Late last August, Jeff Phaneuf’s phone started ringing. It didn’t stop for seven or eight days.
As the budding entrepreneur prepared for a move across the country to attend Stanford Graduate School of Business, his Marine friends from the Infantry Officer Corps were trying to manage an increasingly desperate crowd outside of Abbey Gate at Kabul International Airport as the date of the U.S. evacuation from Afghanistan approached. The crowd grew as the Taliban advanced, begging the Americans to save them, to let them into the Kabul airport and onto a plane.
Phaneuf’s friend called to tell him that the situation at the gate was much worse than what people were hearing back home. Hundreds of times a day, the Marines were forced to make life and death decisions on who got in and who didn’t, often based on lost or destroyed documentation as the population fled.
Then his phone rang again. This time it was a Marine asking Phaneuf to verify some information so he could let people through. As word spread that Phaneuf had a direct line to the commanders at the gate, people started calling and relaying messages from their own Afghan interpreters or intelligence assets. It was like a high-stakes game of telephone: An Afghan interpreter calls or texts the American Marine he stood alongside in the War on Terror. The American calls Phaneuf desperate to help. Phaneuf calls his contacts at the gate, passing on whatever is needed to locate them in the crowd. And on and on. In one instance, Phaneuf helped direct Marines to 32 Afghan female athletes, as detailed in this New York Times article.
“For that last week of August, I found myself in a unique position that I would never wish for again: I was one of the sole conduits to getting people through the gate. I got calls from colonels at the Pentagon, from people at the State Department and in the administration, asking me – a guy just about to start business school, a Marine Corps vet, but otherwise just just a grad student – to help get their people through,” Phaneuf tells Poets&Quants.
“I realized what a catastrophic failure it had been, that allowed a situation where this ragtag group of veterans and volunteer organizations to make life and death decisions for other people. My friends were there when the suicide bomb went off at the gate. A friend of mine lost nine Marines, another had a Marine severely wounded. I just felt very, very, deeply connected.”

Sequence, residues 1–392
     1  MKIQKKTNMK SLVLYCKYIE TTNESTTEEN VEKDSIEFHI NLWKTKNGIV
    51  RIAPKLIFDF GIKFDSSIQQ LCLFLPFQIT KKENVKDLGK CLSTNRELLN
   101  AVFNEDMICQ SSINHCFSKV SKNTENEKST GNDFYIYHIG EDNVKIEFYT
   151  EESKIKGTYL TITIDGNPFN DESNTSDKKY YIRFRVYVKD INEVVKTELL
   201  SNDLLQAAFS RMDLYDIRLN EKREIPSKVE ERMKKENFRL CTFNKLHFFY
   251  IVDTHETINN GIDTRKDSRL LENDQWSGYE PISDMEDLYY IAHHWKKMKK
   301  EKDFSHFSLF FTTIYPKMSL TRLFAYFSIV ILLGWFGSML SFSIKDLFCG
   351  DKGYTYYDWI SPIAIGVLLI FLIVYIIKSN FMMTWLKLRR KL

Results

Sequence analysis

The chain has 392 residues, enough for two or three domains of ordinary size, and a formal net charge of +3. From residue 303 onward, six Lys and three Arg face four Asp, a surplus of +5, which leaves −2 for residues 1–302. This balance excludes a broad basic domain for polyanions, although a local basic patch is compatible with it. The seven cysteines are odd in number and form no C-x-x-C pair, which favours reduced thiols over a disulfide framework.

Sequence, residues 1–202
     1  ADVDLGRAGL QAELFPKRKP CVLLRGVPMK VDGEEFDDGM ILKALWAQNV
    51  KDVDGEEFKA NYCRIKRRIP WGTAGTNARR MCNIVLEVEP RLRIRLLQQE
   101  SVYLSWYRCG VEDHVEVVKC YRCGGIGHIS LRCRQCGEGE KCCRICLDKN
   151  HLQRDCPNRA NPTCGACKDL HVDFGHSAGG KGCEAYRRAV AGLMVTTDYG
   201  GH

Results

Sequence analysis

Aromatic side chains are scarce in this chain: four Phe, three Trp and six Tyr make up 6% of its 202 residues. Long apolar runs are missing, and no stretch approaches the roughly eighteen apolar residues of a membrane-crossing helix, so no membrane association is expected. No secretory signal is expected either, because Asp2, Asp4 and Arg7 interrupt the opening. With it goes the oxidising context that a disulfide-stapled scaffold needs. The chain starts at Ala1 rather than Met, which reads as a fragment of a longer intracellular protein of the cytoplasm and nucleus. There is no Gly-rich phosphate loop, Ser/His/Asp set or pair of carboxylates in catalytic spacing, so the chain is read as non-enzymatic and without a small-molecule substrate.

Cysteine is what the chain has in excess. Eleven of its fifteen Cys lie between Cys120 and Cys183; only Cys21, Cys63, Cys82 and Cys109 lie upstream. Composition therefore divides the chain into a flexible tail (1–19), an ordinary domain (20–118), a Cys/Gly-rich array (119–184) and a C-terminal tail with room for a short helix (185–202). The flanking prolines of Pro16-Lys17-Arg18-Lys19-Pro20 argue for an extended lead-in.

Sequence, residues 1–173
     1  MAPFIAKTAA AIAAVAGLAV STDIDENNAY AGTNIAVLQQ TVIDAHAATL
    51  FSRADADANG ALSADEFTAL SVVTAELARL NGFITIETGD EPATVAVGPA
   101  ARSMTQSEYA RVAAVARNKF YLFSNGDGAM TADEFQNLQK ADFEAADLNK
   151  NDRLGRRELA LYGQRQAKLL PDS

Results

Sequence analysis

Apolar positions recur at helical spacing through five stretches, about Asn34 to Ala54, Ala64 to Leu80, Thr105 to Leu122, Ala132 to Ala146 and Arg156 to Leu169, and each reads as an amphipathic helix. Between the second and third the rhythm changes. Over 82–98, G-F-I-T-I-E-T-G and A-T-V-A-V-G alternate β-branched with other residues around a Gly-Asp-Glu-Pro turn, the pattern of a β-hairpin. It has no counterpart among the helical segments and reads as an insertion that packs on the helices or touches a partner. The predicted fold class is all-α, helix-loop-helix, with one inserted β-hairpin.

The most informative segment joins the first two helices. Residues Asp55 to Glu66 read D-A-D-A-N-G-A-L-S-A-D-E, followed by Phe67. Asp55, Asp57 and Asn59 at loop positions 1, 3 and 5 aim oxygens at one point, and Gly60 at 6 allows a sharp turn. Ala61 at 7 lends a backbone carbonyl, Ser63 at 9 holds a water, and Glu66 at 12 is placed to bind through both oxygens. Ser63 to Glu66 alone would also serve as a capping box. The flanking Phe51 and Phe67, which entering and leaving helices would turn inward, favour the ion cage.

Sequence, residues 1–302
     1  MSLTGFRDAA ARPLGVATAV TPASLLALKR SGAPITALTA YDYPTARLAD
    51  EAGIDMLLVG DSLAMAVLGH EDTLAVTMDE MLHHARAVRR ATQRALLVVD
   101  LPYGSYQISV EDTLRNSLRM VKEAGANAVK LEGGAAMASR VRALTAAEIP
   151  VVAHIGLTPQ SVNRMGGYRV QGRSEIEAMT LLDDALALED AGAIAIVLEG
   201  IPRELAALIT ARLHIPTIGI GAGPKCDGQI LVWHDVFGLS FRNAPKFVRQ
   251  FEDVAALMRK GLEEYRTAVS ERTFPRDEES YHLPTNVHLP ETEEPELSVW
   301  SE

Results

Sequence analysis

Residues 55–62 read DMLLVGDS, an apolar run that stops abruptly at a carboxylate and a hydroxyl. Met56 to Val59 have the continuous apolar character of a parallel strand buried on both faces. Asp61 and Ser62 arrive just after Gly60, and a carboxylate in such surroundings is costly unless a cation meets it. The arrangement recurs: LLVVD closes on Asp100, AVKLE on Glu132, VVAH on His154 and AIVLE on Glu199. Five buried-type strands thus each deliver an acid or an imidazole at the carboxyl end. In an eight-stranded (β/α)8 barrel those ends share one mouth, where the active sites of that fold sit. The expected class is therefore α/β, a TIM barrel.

NO ONE LEFT BEHIND
When Stanford classes started a month later, the U.S. operation had ended and the Americans withdrew. But Phaneuf still had so many Afghan interpreters and others on the list that he hadn’t been able to help. He’d be sitting in accounting class or at Stanford’s infamous beer pong league, and he’d get a call or text from someone pleading for help in saving somebody’s life.
Phaneuf took a leave of absence from Stanford to work with No One Left Behind, the leading non-profit that works to keep America’s promise to Iraqi and Afghan interpreters and others who aided in the War on Terror. He is one of six MBAs working to professionalize and scale the nonprofit at lightning speed as the publicity of the Afghanistan evacuation fades, but the mission remains.
NOLB has evacuated more than 1,500 Afghans in the last year and are preparing flights in the next month to evacuate another 500. They’ve helped to resettle nearly 1,000 families in the same time frame, spending between $7 million and $8 million on their mission.
“What we really had to do is build a business. When the evacuation started last summer, we basically had no full time employees. and raised $300,000 in annual revenue through donations. We had very few professionalized business processes or governance,” says Philip Caruso, NOLB board chairman and acting executive director, who earned his MBA/JD from Harvard University in 2019.
“Over the last year, we’ve worked very diligently to professionalize the organization and scale it. We went from $300,000 in revenue to $18 million, which was fueled in part by the news and people wanting to donate, but it’s also a function of just how strong the team is, the quality of the folks and the business expertise that we have.”
APPLYING BUSINESS TRAINING TO A MILITARY-LIKE OPERATION
Today, five of the 13 NOLB board members have MBAs from a variety of schools: Columbia, Harvard, Oxford Saïd, and Duke Fuqua. Phaneuf, working as a full-time staff member, plans to finish his Stanford MBA in 2024.
All are military veterans, and many worked with interpreters or other assets that NOLB is working to help.
While aspects of the NOLB mission resemble the objectives of a military operation, they also require the strategy and long-term planning of a classic business problem. The training and real-world experience of the MBAs have helped to professionalize the non-profit organization.
“I would say, just on the MBA side, a lot of veterans from a lot of business schools have worked with interpreters who are the primary beneficiaries of this program. Keeping our country’s moral obligation to them – as well as the pragmatic impacts it has on American foreign policy – I think is one of the defining issues for our generation of veterans,” Caruso tells P&Q.
We spoke with each of NOLB’s MBAs to find out why the mission is so important to them and how their business school training prepared them for the challenge at hand. Excerpts from our conversations are presented below.
NEXT PAGE: Philip Caruso, MBA/JD ’19, Harvard University, NOLB board chairman
and acting executive director
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